Hungary will veto the European Union’s planned sixth round of sanctions against Russia, which includes a halt to oil imports by the end of the year, government spokesman Zoltán Kovács said on Wednesday.
Asked by the BBC whether Hungary will exercise its veto, Kovács said, “In short, yes, but you also need to know how the European Union works. The proposal comes from Brussels … that is, from the administrative, bureaucratic center of the European Union — not from the member states.
They know exactly that what they are proposing is contrary to Hungarian interests, and if we support it, we will completely destroy the Hungarian economy. ”
Speaking in Uzbekistan, Minister of Foreign Affairs and Trade Péter Szijjártő said that while Hungary can get behind further sanctions against Russian and Belorussian businesses, it cannot support an oil embargo that would cripple the country.
Here’s why Hungary cannot replace Russian oil in the short term
Hungary’s refineries cannot use more than 25 to 30 percent of crude oil from other sources outside Russia
“We can live with all these measures, although there may be a debate about their effectiveness, but now is not the time to be smart, as there is a war going on in the neighborhood,” he said.
“At the same time, the transportation of oil from Russia to Europe would be banned, with a short deadline, in the case of Hungary from the end of next year,” he added.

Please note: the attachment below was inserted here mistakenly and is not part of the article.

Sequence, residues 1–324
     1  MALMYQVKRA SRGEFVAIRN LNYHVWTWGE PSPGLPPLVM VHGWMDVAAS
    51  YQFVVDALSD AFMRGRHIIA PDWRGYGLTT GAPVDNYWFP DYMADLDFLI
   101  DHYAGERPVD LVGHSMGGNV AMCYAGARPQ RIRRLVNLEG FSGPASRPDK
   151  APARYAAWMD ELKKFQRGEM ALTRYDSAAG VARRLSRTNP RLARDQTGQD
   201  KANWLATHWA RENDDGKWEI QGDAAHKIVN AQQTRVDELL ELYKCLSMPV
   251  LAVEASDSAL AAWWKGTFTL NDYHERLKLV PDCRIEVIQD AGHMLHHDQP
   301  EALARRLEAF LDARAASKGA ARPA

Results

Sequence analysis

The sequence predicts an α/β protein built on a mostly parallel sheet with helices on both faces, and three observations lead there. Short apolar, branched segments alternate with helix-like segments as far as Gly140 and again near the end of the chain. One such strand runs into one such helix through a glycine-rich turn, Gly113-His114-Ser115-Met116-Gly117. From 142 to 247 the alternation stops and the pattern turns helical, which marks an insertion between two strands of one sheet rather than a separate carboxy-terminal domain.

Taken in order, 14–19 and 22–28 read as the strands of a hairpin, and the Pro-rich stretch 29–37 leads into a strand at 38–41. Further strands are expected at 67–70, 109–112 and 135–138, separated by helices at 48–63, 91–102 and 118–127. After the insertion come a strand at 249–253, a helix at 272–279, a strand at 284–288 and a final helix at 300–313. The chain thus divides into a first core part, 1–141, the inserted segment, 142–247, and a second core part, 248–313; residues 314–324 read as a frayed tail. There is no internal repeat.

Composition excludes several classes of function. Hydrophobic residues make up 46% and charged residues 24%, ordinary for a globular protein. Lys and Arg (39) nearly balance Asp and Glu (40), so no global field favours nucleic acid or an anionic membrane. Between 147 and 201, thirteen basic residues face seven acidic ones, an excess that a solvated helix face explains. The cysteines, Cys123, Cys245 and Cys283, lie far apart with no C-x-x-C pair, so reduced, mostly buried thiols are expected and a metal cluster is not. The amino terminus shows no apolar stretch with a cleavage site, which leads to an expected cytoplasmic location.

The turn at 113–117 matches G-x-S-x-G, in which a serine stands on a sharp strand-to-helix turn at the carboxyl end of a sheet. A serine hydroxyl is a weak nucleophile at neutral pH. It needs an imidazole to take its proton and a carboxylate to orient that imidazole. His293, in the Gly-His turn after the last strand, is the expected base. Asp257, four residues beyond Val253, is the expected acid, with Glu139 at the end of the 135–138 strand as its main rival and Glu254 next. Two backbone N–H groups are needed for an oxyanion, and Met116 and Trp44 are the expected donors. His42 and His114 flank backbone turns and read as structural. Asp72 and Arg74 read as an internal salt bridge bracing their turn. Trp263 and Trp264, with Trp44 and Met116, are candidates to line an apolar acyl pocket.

Szijjártó underlined that Hungary’s energy supply is currently secure, but this package of sanctions would “completely destroy” an energy security, making it impossible to obtain the amount of oil needed for the economy to function.
“It is not a question of lack of political will, it is not a question of intention, it is not a question of duration, but quite simply a physical, geographical and infrastructural reality,” he said.
The foreign minister pointed out that Hungary can only buy enough oil to satisfy its economic demands from Russia sources, and that the existing infrastructure is designed around the processing of Russian oil. Currently, Hungary’s infrastructure only has the technology to refine Russian oil and any other oil source would require costly investments to suitably process.
Finally, he stressed that the Hungarian government could not responsibly vote for the new sanctions package in its current form. In order to be able to support the measures, it would be necessary for the embargo not to apply to the transportation of oil through Europe’s pipelines, he added.